Much has been made of Columbia Crest lately, which produced the 2010 Wine Spectator Wine of the Year--the 2005 Cabernet Sauvignon Reserve. And while there’s not much more that can usefully be added in terms of the discussion of its crowning, a quick look at the big picture is always instructive.
In fact, the main reason I’m using today’s blog post to link up and discuss Columbia Crest isn’t only because of its Cab, but, rather, because of the range of excellent wines I’ve tasted from it lately. In particular, we’ve been pouring the 2005 Merlot Reserve for certain classes at The Wine School, and every time I open a bottle, I’m amazed by the way it balances complexity with drinkability, a lush texture with enough structure that it benefits from a couple of hours of breathing, and beautiful ripe fruit with a real sense of terroir.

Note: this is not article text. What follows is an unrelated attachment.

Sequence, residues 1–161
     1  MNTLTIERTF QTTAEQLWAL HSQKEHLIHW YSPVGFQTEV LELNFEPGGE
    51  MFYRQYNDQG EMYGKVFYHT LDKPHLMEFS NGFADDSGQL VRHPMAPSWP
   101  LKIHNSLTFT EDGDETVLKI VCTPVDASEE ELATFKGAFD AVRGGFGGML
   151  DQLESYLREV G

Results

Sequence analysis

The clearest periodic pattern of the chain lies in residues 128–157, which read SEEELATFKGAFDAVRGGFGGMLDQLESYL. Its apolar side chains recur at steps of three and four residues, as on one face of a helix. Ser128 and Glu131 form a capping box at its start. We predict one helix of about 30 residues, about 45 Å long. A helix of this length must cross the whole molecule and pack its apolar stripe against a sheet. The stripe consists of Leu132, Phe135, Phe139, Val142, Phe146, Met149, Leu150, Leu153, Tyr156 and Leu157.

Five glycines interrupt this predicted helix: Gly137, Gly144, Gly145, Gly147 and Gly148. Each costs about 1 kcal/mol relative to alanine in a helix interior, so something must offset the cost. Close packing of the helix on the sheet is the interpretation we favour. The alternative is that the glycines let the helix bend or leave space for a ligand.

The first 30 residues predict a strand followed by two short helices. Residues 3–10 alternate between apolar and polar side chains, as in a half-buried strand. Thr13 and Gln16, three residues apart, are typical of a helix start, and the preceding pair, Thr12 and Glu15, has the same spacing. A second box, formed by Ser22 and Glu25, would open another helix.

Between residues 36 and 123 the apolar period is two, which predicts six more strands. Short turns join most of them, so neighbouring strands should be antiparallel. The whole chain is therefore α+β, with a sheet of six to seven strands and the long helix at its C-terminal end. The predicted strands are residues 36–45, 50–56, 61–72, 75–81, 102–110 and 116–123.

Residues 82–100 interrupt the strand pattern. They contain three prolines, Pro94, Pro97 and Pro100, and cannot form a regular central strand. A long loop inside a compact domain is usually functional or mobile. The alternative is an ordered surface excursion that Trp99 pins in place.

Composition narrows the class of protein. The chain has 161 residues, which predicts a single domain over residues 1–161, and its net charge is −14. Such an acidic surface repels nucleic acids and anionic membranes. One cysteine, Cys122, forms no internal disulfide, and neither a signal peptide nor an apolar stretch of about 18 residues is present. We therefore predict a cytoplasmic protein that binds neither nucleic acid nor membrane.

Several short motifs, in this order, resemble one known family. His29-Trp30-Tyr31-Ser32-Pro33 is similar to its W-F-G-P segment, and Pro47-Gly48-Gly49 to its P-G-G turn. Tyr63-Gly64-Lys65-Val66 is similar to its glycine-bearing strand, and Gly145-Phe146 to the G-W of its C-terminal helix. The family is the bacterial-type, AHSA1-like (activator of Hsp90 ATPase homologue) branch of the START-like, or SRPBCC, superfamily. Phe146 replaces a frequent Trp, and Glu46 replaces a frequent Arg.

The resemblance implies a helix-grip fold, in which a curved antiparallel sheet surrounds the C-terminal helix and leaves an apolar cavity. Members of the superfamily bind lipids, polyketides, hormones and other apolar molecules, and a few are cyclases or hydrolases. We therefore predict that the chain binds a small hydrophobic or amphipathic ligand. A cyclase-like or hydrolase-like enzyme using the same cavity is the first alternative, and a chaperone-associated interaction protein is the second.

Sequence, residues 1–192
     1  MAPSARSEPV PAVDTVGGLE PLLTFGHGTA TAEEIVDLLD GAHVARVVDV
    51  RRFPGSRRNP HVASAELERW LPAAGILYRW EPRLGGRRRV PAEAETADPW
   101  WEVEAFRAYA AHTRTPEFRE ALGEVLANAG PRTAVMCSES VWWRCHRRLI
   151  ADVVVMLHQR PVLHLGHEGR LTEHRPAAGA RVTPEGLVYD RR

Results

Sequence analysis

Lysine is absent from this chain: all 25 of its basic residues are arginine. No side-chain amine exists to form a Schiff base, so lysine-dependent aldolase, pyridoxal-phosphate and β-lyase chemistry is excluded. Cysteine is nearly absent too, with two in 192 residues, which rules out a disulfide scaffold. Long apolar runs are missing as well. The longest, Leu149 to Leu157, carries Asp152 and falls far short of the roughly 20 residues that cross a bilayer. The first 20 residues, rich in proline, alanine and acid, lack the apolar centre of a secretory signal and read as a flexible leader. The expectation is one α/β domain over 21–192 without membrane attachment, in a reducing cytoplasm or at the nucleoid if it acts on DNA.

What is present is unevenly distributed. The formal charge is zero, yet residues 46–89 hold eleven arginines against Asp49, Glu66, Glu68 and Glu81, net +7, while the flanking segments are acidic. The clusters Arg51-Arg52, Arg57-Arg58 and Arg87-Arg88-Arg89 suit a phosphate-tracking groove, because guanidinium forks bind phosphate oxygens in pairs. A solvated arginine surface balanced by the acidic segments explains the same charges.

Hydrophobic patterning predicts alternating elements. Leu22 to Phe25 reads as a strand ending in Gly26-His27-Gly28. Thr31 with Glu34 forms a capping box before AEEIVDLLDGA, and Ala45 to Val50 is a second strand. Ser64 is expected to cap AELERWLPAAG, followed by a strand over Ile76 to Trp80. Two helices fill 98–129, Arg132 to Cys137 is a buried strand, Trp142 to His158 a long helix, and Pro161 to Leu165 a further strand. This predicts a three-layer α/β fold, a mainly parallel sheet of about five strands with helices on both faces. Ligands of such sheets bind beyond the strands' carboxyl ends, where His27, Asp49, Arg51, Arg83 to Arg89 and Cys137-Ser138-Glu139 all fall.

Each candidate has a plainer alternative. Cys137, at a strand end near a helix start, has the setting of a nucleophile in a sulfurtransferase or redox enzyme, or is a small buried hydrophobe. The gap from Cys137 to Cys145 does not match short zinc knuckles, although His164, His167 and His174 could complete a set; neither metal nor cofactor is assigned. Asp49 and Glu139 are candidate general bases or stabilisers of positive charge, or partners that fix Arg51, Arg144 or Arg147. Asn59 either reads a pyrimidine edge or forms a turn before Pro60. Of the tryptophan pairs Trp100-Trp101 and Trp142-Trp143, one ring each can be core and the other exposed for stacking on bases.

It’s not, unfortunately, what most people would necessarily expect from Columbia Crest. But, then again, there are a number of great producers whose more value-priced wines have sadly had a negative impact on the perception of their higher end ones. (Think of the ocean-sized difference between, say, Mondavi’s Private Selection Cabernet Sauvignon--fine for quaffing--and its Reserve, which is often one of the greats of the state.)
The Quarterly Review of Wines recently ran an interesting piece on Dr. Walter Clore, a onetime consultant to Columbia Crest (he passed away in 2003) and namesake of one of its best bottlings, the Walter Clore Private Reserve Red. The Reserve line in its entirety, in fact, notes QRW, “represent[s] the pinnacle of winemaking at Columbia Crest.” I’d take it a step further: They are often among the best, most drinkable wines in the state. And these days, they only seem to be getting better.